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Posted Dec 4, 2015

December 4 – Korean United Methodist Church and Troy

12-4-15-Korean Baptist Church

Friday, December 4, 2015

For many years, the Korean United Methodist Church (KUMC) and the City of Troy have forged a strong bond. Reverend David Kim of TroyHope Ministry – the English-speaking Ministry affiliated with the church – explained that each year the KUMC gives small gifts to City officials including the mayor and prominent leaders like the Superintendent of Schools. The church wishes to pay respect to the local government and community that has welcomed them to Troy.

Personal bonds are also forged between individual congregants and the church. Reverend Kim explains that many Asian Americans in the City and in Oakland County were adopted by non-Asian families.  As these ethnic Asians become adults they wish “to find some kind of root” because they want to be “a part of a majority instead of a minority.” The Korean church offers a form of inclusion because the majority of the congregation is Asian American.

Moreover, Kim speaks of the expanding bond in a very unusual way. The church offers a six-week program called “First Drive” for 7 to 15 year olds.  The program helps them understand the engineering mindset. Since many Asian Americans in Southeast Michigan are doctors and engineers, Kim wants to show children, regardless of race and ethnicity, that engineering is fun!

The KUMC and Troy have forged bonds that continue to grow in conventional and unconventional ways.

Photo: Interior of Korean United Methodist Church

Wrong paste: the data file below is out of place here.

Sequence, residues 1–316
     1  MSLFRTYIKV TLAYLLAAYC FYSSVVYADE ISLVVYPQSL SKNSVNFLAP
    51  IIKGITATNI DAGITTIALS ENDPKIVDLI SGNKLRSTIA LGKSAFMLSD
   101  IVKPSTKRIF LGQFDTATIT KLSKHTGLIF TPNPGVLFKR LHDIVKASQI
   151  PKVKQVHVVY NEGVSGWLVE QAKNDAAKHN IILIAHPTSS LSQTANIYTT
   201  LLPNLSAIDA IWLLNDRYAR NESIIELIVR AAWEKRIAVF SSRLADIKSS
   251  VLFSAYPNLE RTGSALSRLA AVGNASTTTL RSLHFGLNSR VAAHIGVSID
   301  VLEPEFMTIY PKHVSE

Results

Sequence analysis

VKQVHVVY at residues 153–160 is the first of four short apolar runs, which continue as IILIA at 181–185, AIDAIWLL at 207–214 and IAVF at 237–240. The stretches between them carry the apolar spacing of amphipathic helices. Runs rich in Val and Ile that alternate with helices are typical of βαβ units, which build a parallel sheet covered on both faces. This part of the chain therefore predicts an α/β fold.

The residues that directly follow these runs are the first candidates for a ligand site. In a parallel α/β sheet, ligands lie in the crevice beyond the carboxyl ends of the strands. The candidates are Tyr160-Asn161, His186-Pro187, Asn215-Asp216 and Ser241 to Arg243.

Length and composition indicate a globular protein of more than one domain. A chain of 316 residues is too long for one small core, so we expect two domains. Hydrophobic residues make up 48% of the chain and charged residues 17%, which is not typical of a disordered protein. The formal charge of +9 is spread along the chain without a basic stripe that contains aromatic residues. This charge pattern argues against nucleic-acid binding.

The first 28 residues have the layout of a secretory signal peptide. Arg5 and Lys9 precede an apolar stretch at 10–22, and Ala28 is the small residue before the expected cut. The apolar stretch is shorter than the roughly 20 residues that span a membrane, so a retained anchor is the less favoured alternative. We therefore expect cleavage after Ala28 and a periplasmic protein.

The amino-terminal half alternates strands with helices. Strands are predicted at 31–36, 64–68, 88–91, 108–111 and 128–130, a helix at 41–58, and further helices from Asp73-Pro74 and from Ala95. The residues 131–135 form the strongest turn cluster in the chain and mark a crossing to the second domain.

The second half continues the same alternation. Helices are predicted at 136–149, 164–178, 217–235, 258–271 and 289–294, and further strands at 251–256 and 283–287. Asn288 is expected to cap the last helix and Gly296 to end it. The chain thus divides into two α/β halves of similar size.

Sources:

Image Source: Lance Luce, Korean United Methodist Church, Troy, N/A,  LanceLuce.com

Kim, David. 2015. Phone conversation with Emily Blakowski, Troy, MI. November  27

TroyHope.org. Who We Are. Accessed November 26, 2015. http://www.troyhope.org/#/about-us.


To commemorate the City of Troy’s 60th Anniversary in 2015, we will publish a different story each day that highlights a person, discovery, or event that occurred locally, regionally, nationally, or even globally between 1955 and 2015 and that helped shape our lives and our community. We will try to post stories on important anniversary dates, but we also realize that dates are less critical than content and context. We will include the facts related to controversial stories, allowing our readers to form their own opinions. We invite you to read and comment on the stories. Your suggestions for topics are also welcome and can be posted on our Facebook page, www.facebook.com/TroyHistoricVillage. You can also email stories or ideas to the 365 Story Editor at ed@thvmail.org.

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